*A universally closed, universally injective, and unramified morphism is a closed immersion.*

Here are some references. The result itself is here

SCHEMES: Lemma Tag 04XV

SPACES: Lemma Tag 05W8

The definition of an unramified morphisms is here

RINGS: Definition Tag 00UT

SCHEMES: Definition Tag 02G4

SPACES: Definition Tag 03ZH

Formally unramified morphisms are defined here

RINGS: Definition Tag 00UN

SCHEMES: Definition Tag 02H8

SPACES: Definition Tag 04G7

and a morphism which is formally unramified and locally of finite type is unramified, see here

SCHEMES: Lemma Tag 02HE

SPACES: Lemma Tag 04GA

Enjoy!

This was for my benefit. My question was whether there is any scheme-theoretic version of the criterion that, roughly, something is an immersion if it separates points and tangent vectors.

Johan pointed out to me that the normalization of a nodal curve, minus one of the two points over the node, provides a counterexample. So one needs some kind of properness. (See also http://www.math.ucdavis.edu/~osserman/classes/256B/notes/closed-imms.pdf)

So, “universally closed” corresponds to properness, “universally injective” corresponds to separating points, and “unramified” corresponds to separating tangent vectors. Thanks!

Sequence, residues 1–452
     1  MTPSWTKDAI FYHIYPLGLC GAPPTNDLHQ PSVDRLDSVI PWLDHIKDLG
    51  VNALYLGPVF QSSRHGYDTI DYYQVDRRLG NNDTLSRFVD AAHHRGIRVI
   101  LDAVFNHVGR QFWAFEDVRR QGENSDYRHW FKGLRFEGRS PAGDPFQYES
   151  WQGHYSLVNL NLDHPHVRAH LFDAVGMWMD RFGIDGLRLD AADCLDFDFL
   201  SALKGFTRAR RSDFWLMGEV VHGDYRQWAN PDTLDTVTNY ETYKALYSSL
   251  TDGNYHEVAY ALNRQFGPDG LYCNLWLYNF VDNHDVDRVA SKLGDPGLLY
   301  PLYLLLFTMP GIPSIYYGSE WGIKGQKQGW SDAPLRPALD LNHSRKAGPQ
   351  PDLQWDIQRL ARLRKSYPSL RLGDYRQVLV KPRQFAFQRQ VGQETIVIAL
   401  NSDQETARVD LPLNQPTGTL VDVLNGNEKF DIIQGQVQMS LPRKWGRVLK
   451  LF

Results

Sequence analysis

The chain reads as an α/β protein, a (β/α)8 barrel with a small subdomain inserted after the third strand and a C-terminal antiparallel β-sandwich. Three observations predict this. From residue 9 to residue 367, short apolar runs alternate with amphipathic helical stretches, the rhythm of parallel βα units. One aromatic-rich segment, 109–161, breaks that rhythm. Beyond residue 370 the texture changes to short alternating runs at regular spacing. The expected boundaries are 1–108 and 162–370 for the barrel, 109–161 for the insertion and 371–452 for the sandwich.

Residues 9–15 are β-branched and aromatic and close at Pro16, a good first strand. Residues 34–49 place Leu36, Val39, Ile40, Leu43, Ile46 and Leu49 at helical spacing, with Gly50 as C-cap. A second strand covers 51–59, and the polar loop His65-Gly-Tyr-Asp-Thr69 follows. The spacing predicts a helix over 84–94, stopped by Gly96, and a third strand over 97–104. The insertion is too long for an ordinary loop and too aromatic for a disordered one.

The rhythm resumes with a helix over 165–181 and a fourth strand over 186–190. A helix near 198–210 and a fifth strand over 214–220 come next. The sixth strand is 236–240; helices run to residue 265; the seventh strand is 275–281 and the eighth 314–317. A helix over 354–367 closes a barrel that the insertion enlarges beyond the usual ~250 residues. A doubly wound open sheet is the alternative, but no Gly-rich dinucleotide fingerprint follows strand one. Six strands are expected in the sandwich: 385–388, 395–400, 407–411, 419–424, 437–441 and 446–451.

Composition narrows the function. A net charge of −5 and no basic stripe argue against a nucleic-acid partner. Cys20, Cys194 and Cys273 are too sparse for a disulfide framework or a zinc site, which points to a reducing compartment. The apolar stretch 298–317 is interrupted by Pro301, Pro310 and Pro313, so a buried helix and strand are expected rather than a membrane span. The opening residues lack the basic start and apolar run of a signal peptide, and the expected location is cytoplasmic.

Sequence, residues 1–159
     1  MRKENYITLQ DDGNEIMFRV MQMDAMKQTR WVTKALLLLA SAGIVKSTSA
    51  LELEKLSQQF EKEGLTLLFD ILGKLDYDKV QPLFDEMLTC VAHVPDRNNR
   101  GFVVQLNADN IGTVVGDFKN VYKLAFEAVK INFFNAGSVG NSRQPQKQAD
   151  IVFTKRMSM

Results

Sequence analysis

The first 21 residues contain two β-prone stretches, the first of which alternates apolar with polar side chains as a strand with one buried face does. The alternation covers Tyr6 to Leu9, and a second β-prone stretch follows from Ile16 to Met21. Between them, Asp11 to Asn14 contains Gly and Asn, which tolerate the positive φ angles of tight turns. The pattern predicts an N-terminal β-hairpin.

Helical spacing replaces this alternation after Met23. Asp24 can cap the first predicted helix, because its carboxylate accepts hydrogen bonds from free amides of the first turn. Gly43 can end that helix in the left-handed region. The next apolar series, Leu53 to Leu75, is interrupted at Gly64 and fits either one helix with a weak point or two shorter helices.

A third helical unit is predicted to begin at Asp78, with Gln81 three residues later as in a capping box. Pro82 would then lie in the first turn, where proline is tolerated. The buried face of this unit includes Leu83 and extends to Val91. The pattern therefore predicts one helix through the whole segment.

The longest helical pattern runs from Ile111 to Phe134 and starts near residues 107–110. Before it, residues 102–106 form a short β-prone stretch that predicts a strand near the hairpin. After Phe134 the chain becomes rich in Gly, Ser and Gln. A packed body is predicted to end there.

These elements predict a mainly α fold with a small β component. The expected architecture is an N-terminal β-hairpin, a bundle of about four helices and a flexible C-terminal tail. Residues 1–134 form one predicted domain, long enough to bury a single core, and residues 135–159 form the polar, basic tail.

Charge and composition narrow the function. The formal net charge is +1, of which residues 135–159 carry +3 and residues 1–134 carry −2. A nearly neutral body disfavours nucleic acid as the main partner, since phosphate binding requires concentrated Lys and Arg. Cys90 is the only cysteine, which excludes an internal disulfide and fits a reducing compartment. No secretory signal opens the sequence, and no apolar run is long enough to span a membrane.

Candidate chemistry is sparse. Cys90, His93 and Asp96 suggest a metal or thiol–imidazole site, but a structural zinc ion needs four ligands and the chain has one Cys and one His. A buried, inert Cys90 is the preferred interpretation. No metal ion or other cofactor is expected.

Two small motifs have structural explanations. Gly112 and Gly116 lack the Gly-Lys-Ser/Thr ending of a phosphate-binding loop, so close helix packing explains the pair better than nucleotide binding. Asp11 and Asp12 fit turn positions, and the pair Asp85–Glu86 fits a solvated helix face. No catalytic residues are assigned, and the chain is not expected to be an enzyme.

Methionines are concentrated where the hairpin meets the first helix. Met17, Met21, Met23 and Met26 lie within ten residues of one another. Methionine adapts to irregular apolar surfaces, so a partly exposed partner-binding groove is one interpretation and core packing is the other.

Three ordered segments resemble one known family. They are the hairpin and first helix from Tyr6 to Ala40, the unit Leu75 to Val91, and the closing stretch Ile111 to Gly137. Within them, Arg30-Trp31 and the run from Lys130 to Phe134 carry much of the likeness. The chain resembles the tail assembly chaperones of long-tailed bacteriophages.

By the way, what is the status of the term “embedding” in algebraic geometry? In differential topology, we have the notions of “immersion,” “injective immersion,” and “embedding,” corresponding to “unramified,” “universally injective and unramified,” and “immersion” respectively. An embedding is an injective immersion which is homeomorphic onto its image. The classic counterexample to show that an injective immersion need not be an embedding is the so-called 6-figure injectively immersing an open interval in the plane. It is a lot like the counterexample mentioned above.

I’ve noticed Hartshorne use the word “embedding” here and there and wondered what it means. Is there a comparable French word in EGA? I don’t believe the word “embedding” appears in the stacks project to describe any kind of morphism of schemes (though it is ubiquitous in other contexts).